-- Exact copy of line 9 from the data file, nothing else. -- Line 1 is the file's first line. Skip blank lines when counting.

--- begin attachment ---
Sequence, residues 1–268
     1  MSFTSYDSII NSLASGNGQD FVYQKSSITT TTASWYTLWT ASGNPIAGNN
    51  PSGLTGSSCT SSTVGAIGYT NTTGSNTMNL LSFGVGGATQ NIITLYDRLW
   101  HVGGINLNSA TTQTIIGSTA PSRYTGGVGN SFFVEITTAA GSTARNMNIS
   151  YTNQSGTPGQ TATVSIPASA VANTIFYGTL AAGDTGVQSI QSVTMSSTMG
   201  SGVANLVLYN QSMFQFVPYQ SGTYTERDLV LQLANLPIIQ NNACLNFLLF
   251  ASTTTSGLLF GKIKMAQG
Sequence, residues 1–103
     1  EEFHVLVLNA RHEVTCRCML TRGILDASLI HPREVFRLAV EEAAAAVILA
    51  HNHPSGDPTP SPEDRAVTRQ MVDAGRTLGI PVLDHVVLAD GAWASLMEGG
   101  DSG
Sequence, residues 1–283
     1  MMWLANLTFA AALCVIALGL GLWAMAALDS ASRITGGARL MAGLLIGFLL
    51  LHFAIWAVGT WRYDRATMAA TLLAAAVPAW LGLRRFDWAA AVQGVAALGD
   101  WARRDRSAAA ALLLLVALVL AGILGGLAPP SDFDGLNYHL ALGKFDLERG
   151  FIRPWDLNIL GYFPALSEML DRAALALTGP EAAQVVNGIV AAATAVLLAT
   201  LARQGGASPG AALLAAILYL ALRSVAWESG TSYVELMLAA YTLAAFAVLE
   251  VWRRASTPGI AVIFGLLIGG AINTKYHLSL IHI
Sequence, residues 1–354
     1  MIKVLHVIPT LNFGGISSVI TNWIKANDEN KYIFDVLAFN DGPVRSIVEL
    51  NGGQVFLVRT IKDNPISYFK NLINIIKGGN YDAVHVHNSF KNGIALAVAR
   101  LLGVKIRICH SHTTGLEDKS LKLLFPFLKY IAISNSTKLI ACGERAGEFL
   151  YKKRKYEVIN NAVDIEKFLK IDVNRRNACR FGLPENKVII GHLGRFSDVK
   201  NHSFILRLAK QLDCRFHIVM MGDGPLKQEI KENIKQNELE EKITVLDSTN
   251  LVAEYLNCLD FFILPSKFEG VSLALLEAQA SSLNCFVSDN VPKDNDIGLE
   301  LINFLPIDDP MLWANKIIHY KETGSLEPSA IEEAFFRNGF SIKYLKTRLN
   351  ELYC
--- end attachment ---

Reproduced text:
     1  EEFHVLVLNA RHEVTCRCML TRGILDASLI HPREVFRLAV EEAAAAVILA